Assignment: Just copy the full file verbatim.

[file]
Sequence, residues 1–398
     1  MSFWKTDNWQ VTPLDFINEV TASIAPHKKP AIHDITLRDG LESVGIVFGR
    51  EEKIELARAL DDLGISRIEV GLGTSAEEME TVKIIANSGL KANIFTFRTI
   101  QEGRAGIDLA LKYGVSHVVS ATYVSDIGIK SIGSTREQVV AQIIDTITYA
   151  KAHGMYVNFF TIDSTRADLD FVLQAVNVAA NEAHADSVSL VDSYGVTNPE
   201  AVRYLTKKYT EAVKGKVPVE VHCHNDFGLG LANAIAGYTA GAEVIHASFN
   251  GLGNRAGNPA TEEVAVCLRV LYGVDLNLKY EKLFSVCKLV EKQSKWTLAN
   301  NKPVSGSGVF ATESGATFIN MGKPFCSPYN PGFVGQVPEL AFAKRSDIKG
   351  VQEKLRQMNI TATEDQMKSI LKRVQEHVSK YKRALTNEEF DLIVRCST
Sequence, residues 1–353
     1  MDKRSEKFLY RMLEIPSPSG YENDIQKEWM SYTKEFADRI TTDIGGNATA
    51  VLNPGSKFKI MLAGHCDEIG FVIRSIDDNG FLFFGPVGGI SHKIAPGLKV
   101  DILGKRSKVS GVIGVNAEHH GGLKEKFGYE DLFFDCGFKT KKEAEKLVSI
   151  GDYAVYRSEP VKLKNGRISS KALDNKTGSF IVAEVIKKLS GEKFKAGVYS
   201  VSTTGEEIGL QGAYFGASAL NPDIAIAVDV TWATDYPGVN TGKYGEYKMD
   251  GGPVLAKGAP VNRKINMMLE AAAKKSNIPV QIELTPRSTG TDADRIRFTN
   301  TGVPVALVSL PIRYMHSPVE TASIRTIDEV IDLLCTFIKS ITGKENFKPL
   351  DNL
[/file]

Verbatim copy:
Sequence, residues 1–398
     1  MSFWKTDNWQ VTPLDFINEV TASIAPHKKP AIHDITLRDG LESVGIVFGR
    51  EEKIELARAL DDLGISRIEV GLGTSAEEME TVKIIANSGL KANIFTFRTI
   101  QEGRAGIDLA LKYGVSHVVS ATYVSDIGIK SIGSTREQVV AQIIDTITYA
   151  KAHGMYVNFF TIDSTRADLD FVLQAVNVAA NEAHADSVSL VDSYGVTNPE
   201  AVRYLTKKYT EAVKGKVPVE VHCHNDFGLG LANAIAGYTA GAEVIHASFN
   251  GLGNRAGNPA TEEVAVCLRV LYGVDLNLKY EKLFSVCKLV EKQSKWTLAN
   301  NKPVSGSGVF ATESGATFIN MGKPFCSPYN PGFVGQVPEL AFAKRSDIKG
   351  VQEKLRQMNI TATEDQMKSI LKRVQEHVSK YKRALTNEEF DLIVRCST
Sequence, residues 1–353
     1  MDKRSEKFLY RMLEIPSPSG YENDIQKEWM SYTKEFADRI TTDIGGNATA
    51  VLNPGSKFKI MLAGHCDEIG FVIRSIDDNG FLFFGPVGGI SHKIAPGLKV
   101  DILGKRSKVS GVIGVNAEHH GGLKEKFGYE DLFFDCGFKT KKEAEKLVSI
   151  GDYAVYRSEP VKLKNGRISS KALDNKTGSF IVAEVIKKLS GEKFKAGVYS
   201  VSTTGEEIGL QGAYFGASAL NPDIAIAVDV TWATDYPGVN TGKYGEYKMD
   251  GGPVLAKGAP VNRKINMMLE AAAKKSNIPV QIELTPRSTG TDADRIRFTN
   301  TGVPVALVSL PIRYMHSPVE TASIRTIDEV IDLLCTFIKS ITGKENFKPL
   351  DNL